CSA Update 8 or Where Have All the Butterflies Gone

mommahen
The other day we were driving up our road and the smell of milkweed filled the car. The field where Meadow’s mom keeps some of her horses in the summer has huge patches of Milkweed that are in full bloom. It reminded us of our second summer here and how there seemed to be an endless stream of Monarchs and their caterpillar offspring. There were a few unlucky caterpillars born on a stray milkweed plant in the rice paddies. They would eat all the leaves and then we would have to rescue them from their plant island. This year I haven’t seen one. They’ve had a rough couple of years with tough weather and the loss of habitat. With corn or soy prices being high farmers have re-plowed fallow fields reducing the chance that the winter mommas find a place to lay eggs in the spring. In Mexico illegal harvesting has taken many of their trees. With all this trouble for these little flying marathoners we get a nice excuse for our unmowed lawn. When visitors come by the farm we can just say that we are making habitat for the butterflies.

A few weeks ago I found a momma chicken with five brand new chicks. She had been hiding in a brushy area away from all the other chickens. She some how managed to not get eaten and just kept on sitting. All five chicks are still going strong. Meadow moved her into the front of the house with our other new birds and the 3 baby goats. That momma chicken is really good at protecting her babies. When ever one of the bigger chickens came over or a goat she would puff herself up and start doing this hopping, clawing, flapping thing that drove them away. She even does it to us when we are bringing them breakfast. You would think she would figure out that we are the good guys.

I finally got all our new trees planted yesterday. With our new plow I built swales and a raised area for planting. It was so much faster then the last few years of plantings. We had a total 900 trees to plant this year. 200 Chestnuts and 700 Hazelnuts. In about 5 years we should be harvesting our first real nut crops. In the mean time I’ve planted some annual veggies in the beds to make use of the newly opened area. Once they are a little bigger I’ll seed a cover crop of clover, turnips, and a few different annual grasses. Next year we will be planting elderberries and gooseberries along one side of the trees. They will start producing in 2 years and will tolerate the shade of the trees once they are larger. In the mean time the animals will be happy grazing between the rows and help fertilize the new trees.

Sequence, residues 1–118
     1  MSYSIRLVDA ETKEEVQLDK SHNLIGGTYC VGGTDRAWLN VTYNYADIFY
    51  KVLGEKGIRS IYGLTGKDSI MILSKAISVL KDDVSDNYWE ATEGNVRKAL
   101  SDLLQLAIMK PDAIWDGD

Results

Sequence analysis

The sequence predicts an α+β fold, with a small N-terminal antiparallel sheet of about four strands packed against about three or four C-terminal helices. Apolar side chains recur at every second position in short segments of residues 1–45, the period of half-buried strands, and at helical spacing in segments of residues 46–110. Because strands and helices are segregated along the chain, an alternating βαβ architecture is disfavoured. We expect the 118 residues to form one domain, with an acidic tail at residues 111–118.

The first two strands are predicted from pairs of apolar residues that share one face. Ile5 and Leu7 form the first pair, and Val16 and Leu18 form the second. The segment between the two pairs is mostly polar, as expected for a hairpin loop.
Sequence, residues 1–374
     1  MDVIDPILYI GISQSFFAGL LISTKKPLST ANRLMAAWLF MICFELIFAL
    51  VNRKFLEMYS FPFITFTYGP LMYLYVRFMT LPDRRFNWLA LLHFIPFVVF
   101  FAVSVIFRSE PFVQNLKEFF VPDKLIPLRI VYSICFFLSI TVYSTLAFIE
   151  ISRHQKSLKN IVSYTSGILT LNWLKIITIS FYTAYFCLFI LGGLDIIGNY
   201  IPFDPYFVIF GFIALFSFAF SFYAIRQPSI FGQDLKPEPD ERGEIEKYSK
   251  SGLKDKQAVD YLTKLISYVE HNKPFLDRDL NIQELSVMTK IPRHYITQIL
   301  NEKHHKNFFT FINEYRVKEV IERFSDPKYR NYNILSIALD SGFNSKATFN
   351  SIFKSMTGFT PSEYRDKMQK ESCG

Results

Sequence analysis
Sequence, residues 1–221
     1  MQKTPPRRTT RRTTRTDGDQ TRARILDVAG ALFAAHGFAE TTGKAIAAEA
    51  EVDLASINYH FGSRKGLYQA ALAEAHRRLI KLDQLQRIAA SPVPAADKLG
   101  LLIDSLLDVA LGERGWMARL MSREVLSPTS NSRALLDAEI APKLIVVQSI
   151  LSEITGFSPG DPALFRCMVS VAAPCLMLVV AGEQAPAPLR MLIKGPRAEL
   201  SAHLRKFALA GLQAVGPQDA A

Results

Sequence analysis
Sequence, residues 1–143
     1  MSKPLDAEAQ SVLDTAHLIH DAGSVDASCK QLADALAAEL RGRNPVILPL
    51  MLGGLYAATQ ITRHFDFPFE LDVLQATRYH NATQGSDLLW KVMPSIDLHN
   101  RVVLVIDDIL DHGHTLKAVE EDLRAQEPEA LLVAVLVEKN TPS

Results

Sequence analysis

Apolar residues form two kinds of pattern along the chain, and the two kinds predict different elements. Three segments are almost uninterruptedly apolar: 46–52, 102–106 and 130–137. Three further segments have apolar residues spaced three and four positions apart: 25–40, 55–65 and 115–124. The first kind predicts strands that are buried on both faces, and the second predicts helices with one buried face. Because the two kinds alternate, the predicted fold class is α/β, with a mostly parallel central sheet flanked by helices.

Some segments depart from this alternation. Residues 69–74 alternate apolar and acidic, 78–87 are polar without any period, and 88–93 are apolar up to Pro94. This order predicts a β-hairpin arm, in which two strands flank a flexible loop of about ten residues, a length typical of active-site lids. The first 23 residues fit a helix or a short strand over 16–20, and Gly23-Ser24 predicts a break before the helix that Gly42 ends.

This year’s rice looks better then any rice we have ever grown. It is greener and bigger then in previous years. The technical grower at Cornell told me that three years is usually the time it takes to have a paddy come into real production. It just happens that this year is our third year with the paddies so it seems his production was correct. We’ve obviously learned a lot over the past few years and the animals really helped us out last fall with fertilizing.
Meadows Garden Camp started this week and went really well. She has set up a green challenge where the kids have to eat a certain amount of veggies every day and after 6 weeks they will get a sweet frying pan medal. If they go even more above and beyond they can get a brand new shovel. The first day she had resistance but all but one kid tried it out. The second days lunch ended with an unsolicited salad eating contest. I think some kids are going to get some shovels.
Have a nice day

August 5th, 2014|

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